Talk of Fame Network
He’s in the Pro Football Hall of Fame now, but there was a time when quarterback Warren Moon couldn’t get into an NFL huddle.
That was back in 1978 when Moon went undrafted out of the University of Washington, signed with the CFL and led the Edmonton Eskimos to five straight Grey Cups. His success there led to interest from the NFL, with Houston … and Moon … winning out when he signed with the Oilers in 1984.
Moon went on to great success in the NFL, but it wasn’t easy serving as one of the pioneers of African-American quarterbacks – with Moon saying on the latest Talk of Fame Network radio broadcast that he felt “the weight” of expectations from all parties.
“No question I felt that,” he said. “I felt it every time I went out on the field. You’ve got to remember that when came back (to the United States) in ’84, I was the only African-American quarterback starting in the National Football League. There were only two in the league, and that was me and my backup. Doug Williams was in the USFL at that time. Vince Evans was in the USFL at that time. So none of those guys were in the league.
“So, yeah, it was a big burden on my shoulders, and I felt it not only from the pressure that was put on me by people wanting to see me excel because of the money I was being paid but there were a lot of people who wanted to see me fail, as well. I had the whole African-American race that was really relying on me to be the guy to be the savior for that position. So I felt it every time I went on the field, no question about it.”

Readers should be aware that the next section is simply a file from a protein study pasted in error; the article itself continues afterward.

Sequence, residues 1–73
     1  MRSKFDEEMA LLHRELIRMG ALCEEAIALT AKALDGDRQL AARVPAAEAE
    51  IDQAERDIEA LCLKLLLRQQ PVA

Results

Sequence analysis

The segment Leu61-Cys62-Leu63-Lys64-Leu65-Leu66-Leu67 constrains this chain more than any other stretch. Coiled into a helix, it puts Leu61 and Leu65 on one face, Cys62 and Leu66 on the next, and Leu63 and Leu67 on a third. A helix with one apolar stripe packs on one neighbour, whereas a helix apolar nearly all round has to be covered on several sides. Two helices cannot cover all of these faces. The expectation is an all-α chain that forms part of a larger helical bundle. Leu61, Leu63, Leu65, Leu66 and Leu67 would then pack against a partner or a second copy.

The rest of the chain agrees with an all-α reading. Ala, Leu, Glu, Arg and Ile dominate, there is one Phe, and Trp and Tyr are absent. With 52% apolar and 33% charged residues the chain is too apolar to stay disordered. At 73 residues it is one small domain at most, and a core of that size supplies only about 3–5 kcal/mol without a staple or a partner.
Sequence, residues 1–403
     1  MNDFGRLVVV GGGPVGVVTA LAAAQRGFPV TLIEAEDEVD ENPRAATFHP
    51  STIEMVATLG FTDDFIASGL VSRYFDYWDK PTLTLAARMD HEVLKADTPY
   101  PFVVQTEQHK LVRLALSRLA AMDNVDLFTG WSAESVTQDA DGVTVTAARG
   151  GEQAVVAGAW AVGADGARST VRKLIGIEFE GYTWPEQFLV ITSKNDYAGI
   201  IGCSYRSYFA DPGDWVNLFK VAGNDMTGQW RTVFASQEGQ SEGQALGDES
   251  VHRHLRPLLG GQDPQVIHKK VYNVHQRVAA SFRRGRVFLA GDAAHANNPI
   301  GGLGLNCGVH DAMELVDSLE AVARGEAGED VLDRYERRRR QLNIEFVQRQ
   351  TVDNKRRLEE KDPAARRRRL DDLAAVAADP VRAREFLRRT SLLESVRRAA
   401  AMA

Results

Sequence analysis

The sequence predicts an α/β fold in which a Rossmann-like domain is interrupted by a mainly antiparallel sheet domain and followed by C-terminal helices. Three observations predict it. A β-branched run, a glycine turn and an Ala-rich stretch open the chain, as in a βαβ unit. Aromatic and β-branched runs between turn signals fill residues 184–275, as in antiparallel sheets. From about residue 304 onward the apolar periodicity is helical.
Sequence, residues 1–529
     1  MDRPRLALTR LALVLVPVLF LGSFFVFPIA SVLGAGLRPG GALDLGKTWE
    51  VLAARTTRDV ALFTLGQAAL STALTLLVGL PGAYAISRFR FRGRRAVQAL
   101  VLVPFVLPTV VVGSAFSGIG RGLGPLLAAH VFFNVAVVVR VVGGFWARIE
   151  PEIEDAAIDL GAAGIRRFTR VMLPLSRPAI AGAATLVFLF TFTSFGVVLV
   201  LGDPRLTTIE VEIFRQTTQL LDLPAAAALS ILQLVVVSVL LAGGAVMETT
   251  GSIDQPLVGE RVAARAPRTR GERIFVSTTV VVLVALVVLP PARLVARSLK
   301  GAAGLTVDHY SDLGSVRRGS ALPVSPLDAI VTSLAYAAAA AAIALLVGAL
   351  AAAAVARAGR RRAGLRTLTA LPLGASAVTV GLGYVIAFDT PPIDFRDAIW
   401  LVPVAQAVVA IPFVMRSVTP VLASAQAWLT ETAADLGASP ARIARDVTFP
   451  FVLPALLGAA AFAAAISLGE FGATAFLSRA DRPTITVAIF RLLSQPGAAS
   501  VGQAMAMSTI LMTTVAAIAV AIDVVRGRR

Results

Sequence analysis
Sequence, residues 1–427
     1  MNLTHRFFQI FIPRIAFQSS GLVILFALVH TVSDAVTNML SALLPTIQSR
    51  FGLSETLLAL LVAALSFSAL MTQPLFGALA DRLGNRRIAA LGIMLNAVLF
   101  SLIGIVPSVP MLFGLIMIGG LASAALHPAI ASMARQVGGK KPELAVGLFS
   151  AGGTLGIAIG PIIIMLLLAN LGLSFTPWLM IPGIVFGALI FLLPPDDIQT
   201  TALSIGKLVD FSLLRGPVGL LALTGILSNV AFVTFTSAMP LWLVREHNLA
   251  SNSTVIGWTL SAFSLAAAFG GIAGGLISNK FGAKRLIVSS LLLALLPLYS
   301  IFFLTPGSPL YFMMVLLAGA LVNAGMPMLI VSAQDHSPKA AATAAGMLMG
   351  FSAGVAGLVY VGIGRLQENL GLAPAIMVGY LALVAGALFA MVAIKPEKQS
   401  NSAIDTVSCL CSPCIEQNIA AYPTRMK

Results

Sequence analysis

When Moon agreed to a five-year, $10 million contract extension in 1989, it did more than make him the highest-paid player in football. It demonstrated to Moon that he had arrived; that he was the quarterback that he – and few others – thought he was … and could be.
“Nobody wanted me to even play the position, starting back in high school,” he said. “Now, all of a sudden, I’m sitting there as a free agent and the highest-paid player in the league and getting ready to sign the richest contract in the history of the game. I felt like right there I had proved something, and now it was just a matter of going out on the field and getting it done.
“That was always going to be the defining factor because it doesn’t matter how much someone pays you in advance; it’s how you earn that money. I knew I had to go out there and earn that money.”